by Joan Lancourt
It’s an old story – too old for the 21st century and getting stale! In a recent HowlRound, they asked, “Where are the women?” Well, there were about 50+ of us at the StageSource sponsored Sat. morning meeting on Gender Parity at the Boston Playwrights’ Theater in Boston, along with a noticeable number of men. There were women of all ages, representing many facets of the theater world. The energy built through the morning, until it was clear that there was a shared commitment to more than just ‘another conversation’.
As we talked, an analysis began to emerge. It’s a systemic problem. Just raising awareness isn’t enough. We have to actually change the status quo. We have to create a new norm.
Creating a new norm means it’s no longer acceptable to have ‘best’ (as in “We choose the best plays.”) defined by men. And it’s not just about numbers, it’s about seeing our stories on stage. So, it’s no longer acceptable to have women included primarily as love or sex objects. Or to have older actresses told “Sorry, we have nothing in your demographic.” And it’s absolutely no longer acceptable to have plays about white men considered universal, while plays about women are considered to have a limited audience. Lee Mikeska Gardner, the new artistic director of The Nora Theatre Company gave lie to that old chestnut. The Nora’s mission for the last 25+ years has been to do plays that give voice to women. They’re still at it, so the audience is clearly not that limited; and their next 3 plays are by women, will be directed by women, and of the 8 roles, 6 are women.
Very quickly, the talked turned to what it would actually take to create a new norm. Changing the status quo is never easy. Talk is cheap; action is hard. It takes grit and determination, and real commitment. My definition of commitment is doing something when it’s not convenient. It’s about making choices of where to put your time and energy when there are conflicting demands. And it’s about organizing to create power. No existing power structure has ever given its power away voluntarily. If we want to be at the so-called ‘table’, if we want to be a representative part of the decision making process in theater institutions of all sizes, if we want gender parity, we will have to organize. Our power lies in our numbers, not individually, but collectively.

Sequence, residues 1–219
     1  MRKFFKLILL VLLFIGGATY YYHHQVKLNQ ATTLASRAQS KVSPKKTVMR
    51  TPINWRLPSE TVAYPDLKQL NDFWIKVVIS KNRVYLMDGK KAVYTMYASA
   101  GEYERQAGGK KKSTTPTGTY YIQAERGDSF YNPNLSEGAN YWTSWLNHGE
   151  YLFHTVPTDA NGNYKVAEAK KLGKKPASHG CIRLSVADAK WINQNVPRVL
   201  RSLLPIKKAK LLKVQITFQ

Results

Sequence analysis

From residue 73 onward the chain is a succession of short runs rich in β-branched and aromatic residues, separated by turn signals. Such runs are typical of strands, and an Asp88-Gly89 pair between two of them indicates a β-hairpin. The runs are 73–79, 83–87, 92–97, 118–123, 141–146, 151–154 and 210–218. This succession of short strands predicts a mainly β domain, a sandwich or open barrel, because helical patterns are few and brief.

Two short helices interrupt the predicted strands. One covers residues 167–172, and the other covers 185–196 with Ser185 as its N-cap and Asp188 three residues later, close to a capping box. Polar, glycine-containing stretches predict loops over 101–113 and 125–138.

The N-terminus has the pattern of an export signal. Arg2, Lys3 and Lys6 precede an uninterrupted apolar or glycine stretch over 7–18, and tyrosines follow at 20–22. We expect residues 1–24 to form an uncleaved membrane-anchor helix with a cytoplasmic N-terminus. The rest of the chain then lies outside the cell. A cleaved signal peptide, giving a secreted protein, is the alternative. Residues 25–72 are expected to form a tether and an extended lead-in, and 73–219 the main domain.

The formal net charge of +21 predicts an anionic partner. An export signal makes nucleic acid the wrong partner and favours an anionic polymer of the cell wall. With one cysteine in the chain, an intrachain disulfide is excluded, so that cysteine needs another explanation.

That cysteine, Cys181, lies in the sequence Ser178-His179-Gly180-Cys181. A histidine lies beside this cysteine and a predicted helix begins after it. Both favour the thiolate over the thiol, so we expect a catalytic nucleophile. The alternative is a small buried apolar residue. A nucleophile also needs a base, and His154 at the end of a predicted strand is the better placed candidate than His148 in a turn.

There were calls to “fracture the glass ceiling until it no longer exists”; to “mobilize the audiences whose stories are not being told”; to “confront the theaters that have ‘traditional’ seasons”; and “Being nice won’t do it. I haven’t been ‘nice’ in a very long time.” These sentiments captured the sense of urgency that filled the room, but they were supported by dozens of pragmatic ideas about the specific steps and actions that were needed to achieve real gender parity.
The goals of ‘50/50 by 2020’ had a nice ring of simplicity to it. The need for better data was explored in some depth: there are no shared national definitions of what we’re counting, no shared reporting methodologies, no shared language. Are we looking at snap shots or trends? How can we compare fringe, small, midsize and large theaters? And fabulously, thanks to the power of tweeting, one participant piped up –“I just tweeted my husband. He’s a data guru and he volunteered to help us analyze the data we collect.”